The Essential Element: Aluminum A Key Part Of U.S. Manufacturing Base | The Aluminum Association

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The Essential Element: Aluminum A Key Part Of U.S. Manufacturing Base

October 17, 2013

Study Shows Industry Supports 672,000 Jobs and $152 Billion in Economic Output; Rising Global Demand for Aluminum Creating Good Jobs Nationwide

ARLINGTON, VA. - A new study released today confirms the growing importance of the domestic aluminum industry to the U.S. economy. Research conducted by economic research firm John Dunham & Associates found that the U.S. aluminum industry directly employs more than 155,000 workers and generates $65 billion in economic output in all 50 states and the District of Columbia.

According to the study, for each aluminum industry job an additional 3.3 jobs are created elsewhere in the economy for a total of 672,000 jobs. When supplier and induced impacts are taken into account, the industry has an economic footprint of more than $152 billion - nearly 1% of Gross Domestic Product.
Other key findings from the report include:

  • Workers directly employed by U.S. aluminum industry earned more than $12 billion in wages and benefits in 2013.
  • Indirect employment by the industry creates another $29 billion in wages and benefits.
  • When all employment supported by the industry is taken into account, these jobs generate nearly $16 billion in federal, state and local taxes. 
  • These workers earn average compensation of more than $60,000, far exceeding the national average of $43,000.

"As an integral part of the U.S. manufacturing base and overall economy, the aluminum industry supports hundreds of thousands of high quality manufacturing jobs in communities of all sizes," said Layle "Kip" Smith, President and CEO of Noranda and Chairman of the Aluminum Association. "Aluminum is a vital material for the modern era and a bellwether for domestic manufacturing."

The Aluminum Association last released an economic impact study based on 2009 data that reported 106,000 jobs directly supported by the aluminum industry. The new study uses an improved methodology in order to more fully capture the industry's footprint. The new methodology is based on company specific microdata rather than aggregate data from the Bureau of the Census. Microdata captures the actual physical locations of all the firms in the different facets of the industry, whereas Census Data only captures the broad-based employment numbers, generally only from the largest firms. The new results show significant job growth in a number of key areas:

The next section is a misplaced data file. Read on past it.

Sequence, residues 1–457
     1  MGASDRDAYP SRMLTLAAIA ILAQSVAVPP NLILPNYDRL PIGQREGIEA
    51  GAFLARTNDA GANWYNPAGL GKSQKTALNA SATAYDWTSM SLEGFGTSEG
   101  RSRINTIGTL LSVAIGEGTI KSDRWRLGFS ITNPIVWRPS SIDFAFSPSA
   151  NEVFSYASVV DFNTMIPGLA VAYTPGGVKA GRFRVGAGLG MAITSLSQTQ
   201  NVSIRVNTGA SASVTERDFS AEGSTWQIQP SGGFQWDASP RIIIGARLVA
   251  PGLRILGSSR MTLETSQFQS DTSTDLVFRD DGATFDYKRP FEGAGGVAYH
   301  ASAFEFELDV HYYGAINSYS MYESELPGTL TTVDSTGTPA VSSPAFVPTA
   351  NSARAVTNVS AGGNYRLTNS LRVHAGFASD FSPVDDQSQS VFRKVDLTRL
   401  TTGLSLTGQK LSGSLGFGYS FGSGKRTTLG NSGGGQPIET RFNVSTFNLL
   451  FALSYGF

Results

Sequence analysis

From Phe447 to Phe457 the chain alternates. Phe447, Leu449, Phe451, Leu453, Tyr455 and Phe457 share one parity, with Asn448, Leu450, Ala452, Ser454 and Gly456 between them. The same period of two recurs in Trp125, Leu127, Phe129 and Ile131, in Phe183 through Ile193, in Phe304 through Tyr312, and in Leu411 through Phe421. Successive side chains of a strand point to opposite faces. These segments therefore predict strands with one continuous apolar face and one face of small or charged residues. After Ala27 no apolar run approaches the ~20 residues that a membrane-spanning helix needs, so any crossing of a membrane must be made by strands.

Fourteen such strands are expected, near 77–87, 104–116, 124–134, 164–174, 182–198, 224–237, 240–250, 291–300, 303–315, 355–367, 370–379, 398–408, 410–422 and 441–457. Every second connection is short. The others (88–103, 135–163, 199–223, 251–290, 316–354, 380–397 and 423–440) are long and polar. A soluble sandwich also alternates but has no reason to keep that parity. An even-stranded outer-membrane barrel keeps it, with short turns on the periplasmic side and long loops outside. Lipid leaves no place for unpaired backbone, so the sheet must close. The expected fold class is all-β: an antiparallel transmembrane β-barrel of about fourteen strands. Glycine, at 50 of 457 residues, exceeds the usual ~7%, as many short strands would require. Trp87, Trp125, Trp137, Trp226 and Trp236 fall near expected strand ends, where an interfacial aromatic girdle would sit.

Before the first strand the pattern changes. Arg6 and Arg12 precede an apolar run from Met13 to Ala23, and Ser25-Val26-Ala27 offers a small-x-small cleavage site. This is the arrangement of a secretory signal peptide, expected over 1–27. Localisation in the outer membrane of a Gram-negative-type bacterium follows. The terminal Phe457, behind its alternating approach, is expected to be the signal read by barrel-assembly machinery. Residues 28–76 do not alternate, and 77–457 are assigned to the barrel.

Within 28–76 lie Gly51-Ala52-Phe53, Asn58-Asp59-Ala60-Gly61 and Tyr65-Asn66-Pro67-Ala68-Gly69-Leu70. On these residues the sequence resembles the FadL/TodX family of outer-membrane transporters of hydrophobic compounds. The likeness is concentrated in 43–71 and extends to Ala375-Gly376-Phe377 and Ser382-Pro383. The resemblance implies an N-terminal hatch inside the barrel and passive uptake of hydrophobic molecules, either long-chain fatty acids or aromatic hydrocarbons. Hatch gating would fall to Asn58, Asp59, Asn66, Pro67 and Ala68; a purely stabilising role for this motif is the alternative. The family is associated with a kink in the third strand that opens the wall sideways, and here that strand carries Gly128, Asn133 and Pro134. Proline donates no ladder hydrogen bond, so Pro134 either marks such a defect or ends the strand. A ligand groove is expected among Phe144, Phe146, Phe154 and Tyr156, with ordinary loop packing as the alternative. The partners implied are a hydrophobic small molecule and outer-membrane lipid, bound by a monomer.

• 4X increase in secondary smelting and alloying jobs (4,500 vs. 16,800)
  • 73% increase in sheet, plate, foil and extruded products jobs (32,500 vs. 56,200)
  • 23% increase in foundries jobs (29,600 vs. 36,400 jobs)

"It's encouraging to see that, as an industry, we're growing," said Heidi Brock, President of the Aluminum Association. "As the country recovers from the recession, we're seeing demand for our product bouncing back - up 30 percent since 2009. Lightweight, durable and highly recyclable, aluminum is a metal uniquely suited to the 21st century."

The study was completed by economic research firm John Dunham & Associates and is based on data provided by Dun & Bradstreet, Inc., the federal government and the Aluminum Association. The analysis uses the Minnesota IMPLAN Model to quantify the economic impact of the aluminum industry on the overall U.S. economy.

For the purposes of the report, the aluminum industry is defined to include alumina refining; primary aluminum processing; secondary aluminum smelting and alloying; manufacturing of aluminum sheet, plate, foil, extrusions, forgings, coatings, and powder; aluminum foundries; metals service centers, and wholesalers. The study measures the number of jobs in this industry, the wages paid to employees, total economic output, and federal and state business taxes generated.

The complete study, including an interactive map with economic contribution breakdowns by state and congressional district, is available at

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The Aluminum Association, based in Arlington, Virginia, works globally to aggressively promote aluminum as the most sustainable and recyclable automotive, packaging and construction material in today's market. The Association represents U.S. and foreign-based primary producers of aluminum, aluminum recyclers and producers of fabricated products, as well as industry suppliers. Member companies operate approximately 180 plants in the United States, with many conducting business worldwide. For more information visit, on Twitter @AluminumNews or


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